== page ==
Wednesday, March 7, 2007

Pork Chops and the Pursuit of Happiness

Before Nigella, and after Elizabeth David, there is Delia Smith... mmmmmm... Delia, of Delia's Complete Cookery Course and her tv shows, which came well before the era of the celebrity chef. I loved watching her make mashed potatoes. She'd always add cream and butter (or was it creme fraiche?) and say, I'd rather have mashed potatoes only once a month but have them done properly. Anyway, tonight I made Delia's pork chops with sage and breadcrumbs, topped with some sizzled apple and onion rings. I think the aroma has infiltrated my entire head cavity and will stay there for several days. I sure hope so. Better that than this cold/allergy I'm still trying to shake. Last night I made a glazed lemon pound cake from The Silver Palate Cookbook. It's been years since I made it but it's my mum's favourite and my parents arrived today so... well, it's pretty much half-way gone!

My folks are currently watching a DVD of The Pursuit of Happyness, which we saw last week. Such a good movie and Will Smith is moving and inspiring. Remember him in the 80s as a rap star? He's done it all and he still looks so young. I love him as an actor - he has old-world charm, lanky handsomeness and wit and can be vulnerable at the same time. Kind of like a modern day Gary Cooper. Will for President!


Ra Ra said...

According to one of my kitchen bibles, "The Making of a Cook" by Madeleine Kamman, whose illustrious family, I might add, is described as a French "clan of epicureans who could spend a whole Sunday discussing food and wine" and amongst whose members was included "the chef and owner of L'Hotel des Voyageurs at Chateau-la-Valliere, a Michelin-starred restaurant" where was I?

Oh yes, Madame Kamman's tips for perfect mashed potatoes.

These include: peeling the potatoes prior to boiling, and putting them in a pot of cold as opposed to warm water to begin with, as this "allows the starches to swell little by little."

When you cut the potatoes into pieces prior to boiling, take off any sharp angles with a paring knife. "If not removed, these angles overcook, fall off in the water, become mushy, and coat the potatoes with an unpleasant layer of starches."

She also recommends that the cream you add to make the mash, be scalded.

In fact, "any liquid--stock, milk, cream--that is added to a puree cotaining a small or large amount of potatoes must be warm, or the finished preparation will acquire a definite taste of stale potato starch."

There you go!

p.s. --- starting off the boiling in cold water is recommended for eggs as well, so as "not to shock them". The poor little things!

Blog Princess G said...

Wow, cutting off the little potato corners! I had no idea and strangely no intention of doing so. The other tips sound v good - thank you! I'd love to peruse that kitchen bible next time I'm over at your place.

I have not heard of cooking eggs like that before. It seems a little cruel doesn't it? (The following to be recited aloud in a James Mason voice:) "Now, my little oval shaped victims, who are all coincidentally named Francesca, you shall not be plunked viciously into water to immediately end your yolky existence. Instead I shall immerse you in a chilly bath and then start to heat the water, slowly, slowly... so that you have no idea what is happening until you feel your fragile whites being to cook and you look up at me, my maniacal eyes widening to see the water around you simmer, my slotted spoon at the ready, the toast buttered, as I laugh with anticipatory joy! MWAH-HA-HA-HA-HAAAAAAA!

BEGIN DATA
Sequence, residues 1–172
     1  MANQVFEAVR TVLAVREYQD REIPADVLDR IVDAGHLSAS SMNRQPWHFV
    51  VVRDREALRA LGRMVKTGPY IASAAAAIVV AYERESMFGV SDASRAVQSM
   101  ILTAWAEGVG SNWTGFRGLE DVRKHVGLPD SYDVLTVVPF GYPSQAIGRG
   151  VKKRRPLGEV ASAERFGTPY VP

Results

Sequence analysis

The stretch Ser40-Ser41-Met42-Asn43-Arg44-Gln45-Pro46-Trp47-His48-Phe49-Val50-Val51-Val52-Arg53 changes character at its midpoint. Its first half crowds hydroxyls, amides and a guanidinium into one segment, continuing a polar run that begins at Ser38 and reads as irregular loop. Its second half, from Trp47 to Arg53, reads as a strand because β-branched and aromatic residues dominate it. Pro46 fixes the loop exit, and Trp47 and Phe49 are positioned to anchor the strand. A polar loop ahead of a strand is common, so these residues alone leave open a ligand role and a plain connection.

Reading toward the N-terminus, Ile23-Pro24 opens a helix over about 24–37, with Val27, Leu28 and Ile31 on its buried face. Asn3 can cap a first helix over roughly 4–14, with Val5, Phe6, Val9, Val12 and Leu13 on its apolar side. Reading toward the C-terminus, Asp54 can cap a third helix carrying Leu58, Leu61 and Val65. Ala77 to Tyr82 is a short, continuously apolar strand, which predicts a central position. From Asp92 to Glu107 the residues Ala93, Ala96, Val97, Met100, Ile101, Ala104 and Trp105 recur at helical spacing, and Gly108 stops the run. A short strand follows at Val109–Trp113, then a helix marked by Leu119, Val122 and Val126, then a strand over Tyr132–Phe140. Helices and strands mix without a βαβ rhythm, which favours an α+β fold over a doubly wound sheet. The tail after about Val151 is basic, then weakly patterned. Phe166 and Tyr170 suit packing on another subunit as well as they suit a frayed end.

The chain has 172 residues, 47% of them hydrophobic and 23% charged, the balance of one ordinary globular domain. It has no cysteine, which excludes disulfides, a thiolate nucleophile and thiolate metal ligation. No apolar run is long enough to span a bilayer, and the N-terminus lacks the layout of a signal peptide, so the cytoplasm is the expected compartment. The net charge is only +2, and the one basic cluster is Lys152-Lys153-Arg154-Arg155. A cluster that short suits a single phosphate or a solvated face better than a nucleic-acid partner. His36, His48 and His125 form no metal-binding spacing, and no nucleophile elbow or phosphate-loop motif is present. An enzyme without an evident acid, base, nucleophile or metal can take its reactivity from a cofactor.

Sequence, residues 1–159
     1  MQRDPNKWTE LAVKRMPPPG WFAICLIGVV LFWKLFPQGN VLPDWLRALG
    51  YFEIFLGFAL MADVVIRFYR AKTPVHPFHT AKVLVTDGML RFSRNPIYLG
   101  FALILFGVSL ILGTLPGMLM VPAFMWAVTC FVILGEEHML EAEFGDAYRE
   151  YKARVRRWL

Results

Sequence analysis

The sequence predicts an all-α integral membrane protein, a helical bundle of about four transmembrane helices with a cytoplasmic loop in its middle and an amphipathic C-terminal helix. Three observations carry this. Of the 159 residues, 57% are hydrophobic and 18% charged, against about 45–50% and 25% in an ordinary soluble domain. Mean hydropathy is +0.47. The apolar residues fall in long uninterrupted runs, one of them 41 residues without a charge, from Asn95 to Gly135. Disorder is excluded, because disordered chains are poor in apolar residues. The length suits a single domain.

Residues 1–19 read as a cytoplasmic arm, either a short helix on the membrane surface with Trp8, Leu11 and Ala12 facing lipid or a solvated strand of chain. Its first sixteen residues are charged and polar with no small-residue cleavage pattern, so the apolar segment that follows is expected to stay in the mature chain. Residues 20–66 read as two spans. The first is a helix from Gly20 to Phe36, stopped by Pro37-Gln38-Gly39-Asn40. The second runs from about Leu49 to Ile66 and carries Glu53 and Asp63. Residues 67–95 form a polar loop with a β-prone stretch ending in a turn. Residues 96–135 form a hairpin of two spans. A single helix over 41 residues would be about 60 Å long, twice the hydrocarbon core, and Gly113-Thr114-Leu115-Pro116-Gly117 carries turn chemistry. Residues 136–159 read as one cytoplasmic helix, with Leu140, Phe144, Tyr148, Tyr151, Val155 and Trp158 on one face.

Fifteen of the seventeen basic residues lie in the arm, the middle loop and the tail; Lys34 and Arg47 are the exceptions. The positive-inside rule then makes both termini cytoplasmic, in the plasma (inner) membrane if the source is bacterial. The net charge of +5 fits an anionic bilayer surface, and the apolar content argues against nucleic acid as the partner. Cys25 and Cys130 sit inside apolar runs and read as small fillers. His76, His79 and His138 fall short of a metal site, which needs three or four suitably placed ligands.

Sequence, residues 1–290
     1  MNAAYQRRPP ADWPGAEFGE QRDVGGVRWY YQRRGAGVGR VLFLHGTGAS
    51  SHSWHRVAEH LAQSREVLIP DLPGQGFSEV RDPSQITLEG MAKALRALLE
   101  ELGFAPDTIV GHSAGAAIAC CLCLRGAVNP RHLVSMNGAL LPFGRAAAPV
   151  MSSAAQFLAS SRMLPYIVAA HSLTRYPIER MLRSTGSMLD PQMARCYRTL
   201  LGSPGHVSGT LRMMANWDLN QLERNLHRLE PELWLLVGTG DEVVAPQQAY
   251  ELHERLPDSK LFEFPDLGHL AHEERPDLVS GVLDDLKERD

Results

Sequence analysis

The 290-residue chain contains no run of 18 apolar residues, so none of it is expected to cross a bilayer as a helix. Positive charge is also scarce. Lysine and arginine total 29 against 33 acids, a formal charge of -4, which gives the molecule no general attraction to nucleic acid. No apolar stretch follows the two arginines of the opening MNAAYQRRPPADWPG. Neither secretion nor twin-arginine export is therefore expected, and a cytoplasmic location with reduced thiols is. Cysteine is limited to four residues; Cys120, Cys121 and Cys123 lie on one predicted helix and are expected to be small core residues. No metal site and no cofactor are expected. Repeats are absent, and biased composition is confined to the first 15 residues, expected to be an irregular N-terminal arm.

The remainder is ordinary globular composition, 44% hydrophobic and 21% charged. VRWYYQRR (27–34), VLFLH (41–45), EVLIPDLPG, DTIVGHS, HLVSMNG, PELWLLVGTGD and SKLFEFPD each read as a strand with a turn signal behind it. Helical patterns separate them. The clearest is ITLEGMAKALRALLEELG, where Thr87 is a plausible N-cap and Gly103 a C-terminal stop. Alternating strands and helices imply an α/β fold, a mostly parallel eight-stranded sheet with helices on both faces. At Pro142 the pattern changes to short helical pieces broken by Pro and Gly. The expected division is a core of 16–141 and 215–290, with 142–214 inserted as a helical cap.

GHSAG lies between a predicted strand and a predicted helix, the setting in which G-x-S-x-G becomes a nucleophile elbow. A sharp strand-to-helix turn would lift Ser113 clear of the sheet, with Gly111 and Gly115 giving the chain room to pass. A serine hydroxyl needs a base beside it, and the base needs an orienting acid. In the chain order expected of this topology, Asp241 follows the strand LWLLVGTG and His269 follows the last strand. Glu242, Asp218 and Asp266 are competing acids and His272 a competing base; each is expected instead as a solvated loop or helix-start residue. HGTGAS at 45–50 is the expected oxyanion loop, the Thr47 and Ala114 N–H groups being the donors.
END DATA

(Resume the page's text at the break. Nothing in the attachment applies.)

Ra Ra said...

James Mason.....mmmmmmm, one of the all time greats of cinema. I loved him in North by Northwest, where he played to perfection the role of Phillip VanDamm, a devastatingly handsome underworld figure who dealt in stolen state secrets and murder, but was redeemed by his impeccable good taste, dry wit, and love of fine art. His commanding on-screen presence and suave delivery of lines in that fabulous accent! Not to mention his architecturally dazzling home just behind Mount Rushmore.

Among his best lines in the movie were:

Roger Thornhill: "Not that I mind a slight case of abduction now and then, but I have tickets for the theater this evening, to a show I was looking forward to and I get, well, kind of *unreasonable* about things like that."

Phillip Vandamm: "With such expert playacting, you make this very room a theater."


Roger Thornhill: "Apparently the only performance that will satisfy you is when I play dead.

Phillip Vandamm: "Your very next role. You'll be quite convincing, I assure you.


Phillip Vandamm: "Has anyone ever told you that you overplay your various roles rather severely, Mr. Kaplan?....Seems to me you fellows could stand a little less training from the F.B.I. and a little more from the Actor's Studio."


Leonard: "You're not taking her on the plane with you?"

Phillip Vandamm: "Of course I am. Like our friends, I too believe in neatness, Leonard. This matter is best disposed of from a great height, over water."


Phillip Vandamm: "That wasn't very sporting, using real bullets."

Ra Ra said...

I've always actually boiled my potatoes with the skins on. I seem to recall reading somewhere that the skins act as a barrier to keep the potatoes from absorbing too much water, thus making the mash too watery.

I shall have to try boiling sans skins next time.

Blog Princess G said...

(doing voice of Homer) mmmmm.... tasty flakes.....